- The Washington Times - Thursday, February 22, 2018

The governor of Missouri was indicted Thursday on a felony charge that accuses him of taking a nude photo of a woman without her consent, a move that Gov. Eric Greitens called a “misguided political decision” and his lawyer denounced as virtually without precedent.

Mr. Greitens was charged with invasion of privacy by a City of St. Louis grand jury Thursday, causing Democratic lawmakers to demand that Mr. Greitens resign or face impeachment and prompting Republican lawmakers to launch their own probe.

Circuit Attorney Kimberly M. Gardner said in a brief statement that the incident took place March 21, 2015, almost 20 months before Mr. Greitens, who is married with two children, was elected. 

According to the indictment, the image involved a “state of full or partial nudity without the knowledge and consent … in a place where a person would have a reasonable expectation of privacy.”

Ms. Gardner said the photo became a first-degree invasion of privacy and a felony because the suspect “transmitted the image contained in the photograph in a manner that allows access to that image via a computer.” Missouri punishes first-degree invasion of privacy with up to four years in prison.

In a joint statement, House Speaker Todd Richardson, Speaker Pro Tem Elijah Haahr and Majority Leader Rob Vescovo (all Republicans) said a group of lawmakers would investigate the charges “and answer the question as to whether or not the governor can lead our state while a felony case moves forward.”

Later Thursday evening, Mr. Greitens’ attorney said his team would “welcome reviewing this issue with the independent, bipartisan committee of the Missouri House of Representatives.”

But Edward L. Dowd Jr., in addition to proclaiming his client’s innocence, also denounced the district attorney’s charges in his statement as groundless and “unusual.”

“For 40 years as an attorney for the public and for private litigants, I have never seen anything like this. The charges are unfounded and baseless,” he said. “This statute has never been used like this in Missouri history. In unprecedented fashion, the Circuit Attorney circumvented the local police force and hired her own investigators.”

The governor’s lawyers filed a motion to dismiss the charges Thursday evening, claiming that the relationship, and any photos, were consensual.

The governor’s spokeswoman told reporters that her boss had been arrested and then released on his own recognizance.

His first court appearance has been scheduled for March 16.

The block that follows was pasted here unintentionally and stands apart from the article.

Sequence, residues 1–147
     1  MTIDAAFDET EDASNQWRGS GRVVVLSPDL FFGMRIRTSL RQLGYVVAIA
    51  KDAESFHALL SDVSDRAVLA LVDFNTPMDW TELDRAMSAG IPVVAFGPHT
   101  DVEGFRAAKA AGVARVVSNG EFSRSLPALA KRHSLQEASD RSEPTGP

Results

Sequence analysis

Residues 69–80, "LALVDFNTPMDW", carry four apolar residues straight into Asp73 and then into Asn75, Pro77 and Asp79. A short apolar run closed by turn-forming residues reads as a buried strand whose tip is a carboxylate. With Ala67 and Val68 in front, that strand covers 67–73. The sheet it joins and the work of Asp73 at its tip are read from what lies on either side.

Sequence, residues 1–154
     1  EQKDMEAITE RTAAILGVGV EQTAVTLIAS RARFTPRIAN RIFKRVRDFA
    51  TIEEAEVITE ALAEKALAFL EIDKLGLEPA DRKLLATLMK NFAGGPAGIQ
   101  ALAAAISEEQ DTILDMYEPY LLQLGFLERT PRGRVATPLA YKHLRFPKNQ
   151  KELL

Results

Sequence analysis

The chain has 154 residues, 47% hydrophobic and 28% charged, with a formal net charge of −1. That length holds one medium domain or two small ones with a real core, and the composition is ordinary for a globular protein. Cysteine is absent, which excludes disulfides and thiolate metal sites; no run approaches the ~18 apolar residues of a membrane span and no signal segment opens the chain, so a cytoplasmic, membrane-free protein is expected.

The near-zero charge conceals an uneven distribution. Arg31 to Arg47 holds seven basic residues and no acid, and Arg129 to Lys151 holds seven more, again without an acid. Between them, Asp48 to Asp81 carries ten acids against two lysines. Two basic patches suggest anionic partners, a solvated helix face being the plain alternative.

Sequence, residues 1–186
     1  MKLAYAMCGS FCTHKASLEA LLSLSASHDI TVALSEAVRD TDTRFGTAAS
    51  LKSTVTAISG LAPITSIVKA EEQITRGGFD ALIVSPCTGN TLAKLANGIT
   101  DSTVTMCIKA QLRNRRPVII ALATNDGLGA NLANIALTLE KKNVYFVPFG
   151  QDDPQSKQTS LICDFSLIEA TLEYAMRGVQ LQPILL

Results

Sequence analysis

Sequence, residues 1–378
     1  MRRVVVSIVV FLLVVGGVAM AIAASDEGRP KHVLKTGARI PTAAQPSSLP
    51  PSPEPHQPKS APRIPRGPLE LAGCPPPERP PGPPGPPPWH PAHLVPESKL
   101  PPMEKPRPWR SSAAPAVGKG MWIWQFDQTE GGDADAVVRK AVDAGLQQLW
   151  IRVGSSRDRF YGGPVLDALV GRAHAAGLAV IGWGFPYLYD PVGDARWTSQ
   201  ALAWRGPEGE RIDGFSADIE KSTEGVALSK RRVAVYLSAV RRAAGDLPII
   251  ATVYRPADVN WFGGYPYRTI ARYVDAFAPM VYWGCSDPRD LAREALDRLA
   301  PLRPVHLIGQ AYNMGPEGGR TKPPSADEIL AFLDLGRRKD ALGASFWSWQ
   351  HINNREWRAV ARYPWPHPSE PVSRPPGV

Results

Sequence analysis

Some Democrats in Jefferson City want him gone before then. State Sen. Jamilah Nasheed, St. Louis Democrat, said the impeachment process must begin now.

Gov. Greitens has to go,” she said. “Missourians thought they voted for a person of character and integrity, and instead they got a liar and alleged criminal.”

House Minority Leader Gail McCann Beatty was more diplomatic, but said it will be “extremely difficult for the governor to effectively do his job with a felony indictment hanging over his head. While the criminal justice system must run its course, the governor needs to consider whether remaining in office under these circumstances is the right thing to do for not only himself and his family but for the people of Missouri.”

In his Thursday statement though, Mr. Greitens dug in his heels politically.

“I know this will be righted soon. The people of Missouri deserve better than a reckless liberal prosecutor who uses her office to score political points. I look forward to the legal remedies to reverse this action. This will not for a moment deter me from doing the important work of the great people of Missouri,” he said.

The woman, whom local news media have not named and is identified in court documents only by her initials, said in a taped conversation with her husband that the governor had taken a photo of her that he would use as blackmail if she did not keep the affair discreet.

Mr. Greitens acknowledged last month having had an affair with a hairdresser, but has denied blackmailing her.

“As I have said before, I made a personal mistake before I was governor. I did not commit a crime,” Mr. Greitens said.

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